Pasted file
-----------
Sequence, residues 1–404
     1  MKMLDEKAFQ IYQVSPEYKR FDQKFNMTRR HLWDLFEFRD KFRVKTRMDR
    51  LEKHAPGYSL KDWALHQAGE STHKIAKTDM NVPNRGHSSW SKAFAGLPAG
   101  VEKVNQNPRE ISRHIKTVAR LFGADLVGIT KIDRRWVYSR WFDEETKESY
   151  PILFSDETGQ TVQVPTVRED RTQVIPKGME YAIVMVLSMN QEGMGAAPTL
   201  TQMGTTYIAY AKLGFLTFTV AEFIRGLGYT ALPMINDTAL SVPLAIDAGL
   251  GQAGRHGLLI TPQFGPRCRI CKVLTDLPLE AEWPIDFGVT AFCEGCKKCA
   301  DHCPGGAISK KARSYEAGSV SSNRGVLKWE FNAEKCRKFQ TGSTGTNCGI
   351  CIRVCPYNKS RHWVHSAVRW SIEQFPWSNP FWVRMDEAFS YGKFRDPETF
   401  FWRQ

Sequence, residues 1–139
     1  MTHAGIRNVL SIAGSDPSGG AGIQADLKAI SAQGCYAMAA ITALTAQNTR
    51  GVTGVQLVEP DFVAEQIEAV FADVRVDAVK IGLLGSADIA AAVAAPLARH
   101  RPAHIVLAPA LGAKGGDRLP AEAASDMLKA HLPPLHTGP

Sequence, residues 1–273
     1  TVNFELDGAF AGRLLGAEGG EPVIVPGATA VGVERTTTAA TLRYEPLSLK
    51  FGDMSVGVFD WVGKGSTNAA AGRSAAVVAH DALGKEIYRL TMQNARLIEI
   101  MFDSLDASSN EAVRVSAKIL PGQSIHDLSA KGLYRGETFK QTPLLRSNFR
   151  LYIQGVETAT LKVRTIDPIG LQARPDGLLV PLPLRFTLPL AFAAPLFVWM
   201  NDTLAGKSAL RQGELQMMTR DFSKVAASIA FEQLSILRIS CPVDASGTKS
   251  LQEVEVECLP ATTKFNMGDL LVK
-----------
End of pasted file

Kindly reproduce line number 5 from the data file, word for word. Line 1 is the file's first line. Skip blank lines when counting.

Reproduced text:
   151  PILFSDETGQ TVQVPTVRED RTQVIPKGME YAIVMVLSMN QEGMGAAPTL